Children born to starving mothers are more likely to develop schizophrenia, according to a new study of people conceived during the Chinese Famine of 1959 to 1961. The results support the idea that prenatal nutritional deficiency raises the risk of schizophrenia and provides hope that schizophrenia risk can be lowered by making sure pregnant women receive proper nutrition.
Schizophrenia has been linked to environmental insults that may harm fetal brain development, including viral infection and nutritional deficiency in the mother. The nutritional hypothesis got a boost in the early 1990s, when epidemiologists showed that people conceived in the Netherlands during the winter of 1944-1945, when Hitler's army blockaded food supplies to starve the Dutch, were twice as likely to develop schizophrenia in later life. But skeptics argued that a toxin in the tulip bulbs Dutch women ate to fend off starvation could have harmed brain development and pointed out that restoring nutrition to starving pregnant woman too quickly at the end of the famine could have harmed their unborn babies.
To test the nutritional hypothesis, geneticists David St. Clair of the University of Aberdeen, United Kingdom, and Lin He of Shanghai Jiao Tong University in Shanghai, China, analyzed three decades of records from the Fourth People's Hospital, the only psychiatric hospital in the Wuhu region of eastern China, which was hit hard by the 1959-1961 famine. After adjusting for differing rates of death, the researchers found that 2% of people conceived in during the famine years of 1960 or 1961 developed schizophrenia, as opposed to 0.9% of people conceived in the years before or after the famine. Because the starving Chinese women ate no tulip bulbs and only slowly regained an adequate food supply, the observed doubling of risk leads to the "very strong conclusion ... that during pregnancy the lack of nutrition definitely caused a high risk of schizophrenia," says He. The researchers report their findings 3 August in the Journal of the American Medical Association.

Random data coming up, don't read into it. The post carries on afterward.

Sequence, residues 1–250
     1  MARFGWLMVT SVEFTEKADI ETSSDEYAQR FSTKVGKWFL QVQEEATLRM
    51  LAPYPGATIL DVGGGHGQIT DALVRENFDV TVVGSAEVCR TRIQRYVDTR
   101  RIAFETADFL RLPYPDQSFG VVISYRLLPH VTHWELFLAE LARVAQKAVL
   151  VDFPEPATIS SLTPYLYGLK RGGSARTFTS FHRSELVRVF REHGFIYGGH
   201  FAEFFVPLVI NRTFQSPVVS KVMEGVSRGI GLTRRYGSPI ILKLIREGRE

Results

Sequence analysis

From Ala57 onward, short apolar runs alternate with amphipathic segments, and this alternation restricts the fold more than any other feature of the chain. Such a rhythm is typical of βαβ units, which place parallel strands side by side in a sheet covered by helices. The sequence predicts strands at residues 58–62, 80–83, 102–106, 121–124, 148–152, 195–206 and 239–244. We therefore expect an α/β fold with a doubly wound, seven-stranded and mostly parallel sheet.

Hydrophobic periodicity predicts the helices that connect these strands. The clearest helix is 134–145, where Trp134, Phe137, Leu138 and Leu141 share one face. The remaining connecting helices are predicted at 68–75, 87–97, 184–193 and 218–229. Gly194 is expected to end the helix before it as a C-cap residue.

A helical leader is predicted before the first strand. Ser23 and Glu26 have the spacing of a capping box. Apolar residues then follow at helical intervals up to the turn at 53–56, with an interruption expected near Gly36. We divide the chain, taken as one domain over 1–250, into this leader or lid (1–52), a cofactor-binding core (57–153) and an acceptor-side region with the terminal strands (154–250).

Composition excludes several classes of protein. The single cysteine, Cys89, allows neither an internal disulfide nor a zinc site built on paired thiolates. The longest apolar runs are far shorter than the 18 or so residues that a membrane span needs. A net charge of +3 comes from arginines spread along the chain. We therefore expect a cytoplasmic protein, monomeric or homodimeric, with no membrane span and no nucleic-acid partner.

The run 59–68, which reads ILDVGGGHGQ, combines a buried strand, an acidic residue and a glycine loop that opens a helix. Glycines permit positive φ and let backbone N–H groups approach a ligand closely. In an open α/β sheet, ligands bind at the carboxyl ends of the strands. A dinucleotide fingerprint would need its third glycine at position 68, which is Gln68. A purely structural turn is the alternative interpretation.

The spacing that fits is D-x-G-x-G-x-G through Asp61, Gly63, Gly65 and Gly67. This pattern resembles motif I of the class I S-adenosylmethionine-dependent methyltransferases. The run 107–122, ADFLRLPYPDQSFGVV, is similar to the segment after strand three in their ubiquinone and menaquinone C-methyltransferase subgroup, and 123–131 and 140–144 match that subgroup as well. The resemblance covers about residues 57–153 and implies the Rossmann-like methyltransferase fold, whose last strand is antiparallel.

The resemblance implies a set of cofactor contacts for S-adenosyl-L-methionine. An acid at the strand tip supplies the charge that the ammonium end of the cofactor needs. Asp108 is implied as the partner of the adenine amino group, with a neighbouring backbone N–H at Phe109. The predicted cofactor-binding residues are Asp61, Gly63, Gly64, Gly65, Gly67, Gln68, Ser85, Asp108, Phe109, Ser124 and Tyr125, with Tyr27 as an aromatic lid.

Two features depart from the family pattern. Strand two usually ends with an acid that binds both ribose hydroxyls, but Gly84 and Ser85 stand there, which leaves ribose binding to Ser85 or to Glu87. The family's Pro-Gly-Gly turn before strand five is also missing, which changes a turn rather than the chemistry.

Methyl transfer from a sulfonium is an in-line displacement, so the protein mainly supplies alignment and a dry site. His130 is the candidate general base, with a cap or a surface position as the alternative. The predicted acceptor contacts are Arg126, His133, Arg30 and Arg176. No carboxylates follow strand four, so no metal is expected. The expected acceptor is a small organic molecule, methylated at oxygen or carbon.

The study "offers a compelling confirmation" of the hypothesis that prenatal starvation raises schizophrenia risks, although the case is not ironclad, says epidemiologist Richard Neugebauer of the New York State Psychiatric Institute in New York City. If animal studies can identify exactly which nutrients are required to lower the risk of the disease, the results could lead to "an almost utopian opportunity" to reduce schizophrenia risk by ensuring pregnant women receive adequate nutrition, he says.